With the biggest event the Xcel Energy Center has ever hosted on the horizon, the GOP will transform St. Paul's major sports and concert venue for the Sept. 1-4 Republican National Convention. The costs will not be low, and it will not be easy. Here's what they face.
Between July 21 and August 31, several hundred electricians, carpenters and other workers will transform the X into a venue that can hold 45,000 visitors. Suites will be converted to news media boxes from which 15,000 journalists will broadcast from 6 a.m. to 2 a.m. daily.
Chairs will be set up on the floor for the 2,380 delegates while 2,227 alternates will be positioned off to the side and in nearby areas.
A stage and podium will be built for speakers, including presidential candidate John McCain, whose acceptance speech will aim to leave the delegates energized for the final two months of the campaign.
Approximately 200 truckloads of materials will be delivered to the Xcel Center for the transformation. After the convention ends, the workers have two weeks to put the X back to normal for events scheduled there as early as the beginning of October.
What will it look like?
When visitors enter, they will see plenty of entertainment on the concourse, although GOP officials are still hush-hush on details. Most concession stands will be closed because the food will be catered. In the rafters, approximately 125,000 balloons will be poised to drop when the party announces its presidential nominee.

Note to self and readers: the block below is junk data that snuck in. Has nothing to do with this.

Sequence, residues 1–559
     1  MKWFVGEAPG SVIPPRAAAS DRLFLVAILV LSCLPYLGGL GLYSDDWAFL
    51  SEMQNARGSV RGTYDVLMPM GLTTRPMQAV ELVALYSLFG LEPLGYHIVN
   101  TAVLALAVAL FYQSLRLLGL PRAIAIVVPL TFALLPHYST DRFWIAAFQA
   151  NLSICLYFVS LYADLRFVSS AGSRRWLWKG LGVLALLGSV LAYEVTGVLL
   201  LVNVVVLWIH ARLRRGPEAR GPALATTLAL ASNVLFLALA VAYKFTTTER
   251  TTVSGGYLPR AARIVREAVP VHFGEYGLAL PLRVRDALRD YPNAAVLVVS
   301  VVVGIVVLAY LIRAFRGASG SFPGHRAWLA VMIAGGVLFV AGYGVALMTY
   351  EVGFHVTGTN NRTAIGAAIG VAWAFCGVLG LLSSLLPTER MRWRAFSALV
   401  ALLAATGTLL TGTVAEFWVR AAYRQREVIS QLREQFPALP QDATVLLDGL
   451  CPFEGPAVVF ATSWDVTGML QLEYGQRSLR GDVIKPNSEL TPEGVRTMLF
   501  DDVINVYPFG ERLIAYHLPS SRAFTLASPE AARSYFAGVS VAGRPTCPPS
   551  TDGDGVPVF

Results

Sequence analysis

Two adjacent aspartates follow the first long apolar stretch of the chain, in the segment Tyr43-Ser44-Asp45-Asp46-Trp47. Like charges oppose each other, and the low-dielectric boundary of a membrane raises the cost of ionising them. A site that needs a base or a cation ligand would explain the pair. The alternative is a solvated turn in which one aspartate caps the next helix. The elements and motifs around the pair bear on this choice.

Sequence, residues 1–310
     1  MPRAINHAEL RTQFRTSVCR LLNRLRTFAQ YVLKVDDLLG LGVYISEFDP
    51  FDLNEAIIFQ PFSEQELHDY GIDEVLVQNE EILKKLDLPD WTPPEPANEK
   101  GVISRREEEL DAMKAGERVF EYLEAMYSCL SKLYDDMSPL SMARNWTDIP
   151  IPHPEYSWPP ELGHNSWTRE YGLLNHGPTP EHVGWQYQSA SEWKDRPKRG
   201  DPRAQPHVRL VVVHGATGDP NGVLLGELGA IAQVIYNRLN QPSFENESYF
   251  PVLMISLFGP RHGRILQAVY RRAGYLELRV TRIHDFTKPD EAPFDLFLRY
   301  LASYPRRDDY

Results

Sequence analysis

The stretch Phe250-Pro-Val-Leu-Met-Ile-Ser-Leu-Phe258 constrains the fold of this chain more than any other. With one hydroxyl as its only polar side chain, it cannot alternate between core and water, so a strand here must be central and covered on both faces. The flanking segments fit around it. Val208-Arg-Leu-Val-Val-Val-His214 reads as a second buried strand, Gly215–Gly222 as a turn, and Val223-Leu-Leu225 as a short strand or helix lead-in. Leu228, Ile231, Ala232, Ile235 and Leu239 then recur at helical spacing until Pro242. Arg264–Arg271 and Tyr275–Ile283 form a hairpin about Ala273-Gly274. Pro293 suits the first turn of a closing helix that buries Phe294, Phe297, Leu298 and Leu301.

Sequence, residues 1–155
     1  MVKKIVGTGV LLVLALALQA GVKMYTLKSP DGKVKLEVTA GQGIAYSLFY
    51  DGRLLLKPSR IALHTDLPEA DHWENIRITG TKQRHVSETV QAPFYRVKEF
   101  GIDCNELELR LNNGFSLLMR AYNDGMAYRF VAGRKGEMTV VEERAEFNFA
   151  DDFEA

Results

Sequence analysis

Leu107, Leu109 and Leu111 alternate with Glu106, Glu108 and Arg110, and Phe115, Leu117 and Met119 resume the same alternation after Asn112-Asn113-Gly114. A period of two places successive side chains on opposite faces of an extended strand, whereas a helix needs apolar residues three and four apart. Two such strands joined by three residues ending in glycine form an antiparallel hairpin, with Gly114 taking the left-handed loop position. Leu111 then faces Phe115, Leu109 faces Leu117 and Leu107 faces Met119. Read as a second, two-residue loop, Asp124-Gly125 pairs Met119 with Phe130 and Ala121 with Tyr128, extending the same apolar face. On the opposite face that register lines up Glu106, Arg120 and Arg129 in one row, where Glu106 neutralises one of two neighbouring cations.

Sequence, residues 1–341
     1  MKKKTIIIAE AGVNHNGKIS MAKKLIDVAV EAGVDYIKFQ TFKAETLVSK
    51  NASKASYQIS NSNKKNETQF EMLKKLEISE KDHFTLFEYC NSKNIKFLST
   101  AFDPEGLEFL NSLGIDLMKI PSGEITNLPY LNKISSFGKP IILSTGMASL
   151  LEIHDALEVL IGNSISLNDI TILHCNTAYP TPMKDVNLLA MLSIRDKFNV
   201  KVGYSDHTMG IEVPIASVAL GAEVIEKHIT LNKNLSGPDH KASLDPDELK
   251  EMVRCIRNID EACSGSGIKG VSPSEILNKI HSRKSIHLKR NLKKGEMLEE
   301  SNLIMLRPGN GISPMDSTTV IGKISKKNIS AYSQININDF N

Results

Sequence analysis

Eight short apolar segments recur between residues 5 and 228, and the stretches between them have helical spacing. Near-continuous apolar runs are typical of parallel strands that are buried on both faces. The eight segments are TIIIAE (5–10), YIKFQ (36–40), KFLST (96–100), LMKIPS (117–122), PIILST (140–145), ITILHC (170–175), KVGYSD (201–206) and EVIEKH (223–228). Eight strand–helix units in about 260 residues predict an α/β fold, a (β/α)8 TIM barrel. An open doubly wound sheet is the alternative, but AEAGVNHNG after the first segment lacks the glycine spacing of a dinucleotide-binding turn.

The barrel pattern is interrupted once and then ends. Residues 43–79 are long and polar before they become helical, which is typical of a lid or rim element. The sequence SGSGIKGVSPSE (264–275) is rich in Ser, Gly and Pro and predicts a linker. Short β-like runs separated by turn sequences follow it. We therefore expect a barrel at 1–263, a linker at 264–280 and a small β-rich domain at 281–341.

During a walk-through of the Xcel with journalists in June, Matt Burns, the GOP's communications director, said the scene will excite convention-goers. "The hair on your neck almost starts to stand up," he said.
To convert a suite to a news booth, crews will put up temporary walls, cover existing cabinets or appliances, and build tailor-made anchor booths based on instructions from each news network.
Outside the arena, the city of St. Paul will be responsible for security as well as controlling traffic flow and monitoring several thousand protesters.
Where do 45,000 people go for a bathroom break?
In an e-mail, Burns said, "We are currently working on a restroom inventory to ensure that all guests have access to restroom facilities."
How much will it cost?
When it comes to costs, local donors have most of it covered. Party faithful who want to see the event succeed and their party win the presidential election donated money to the convention. A grant from the Federal Election Committee paid for the rest of the costs. When taxpayers filed their taxes, they had the option to pay an extra $3 to the parties, and a portion of the money went to this grant.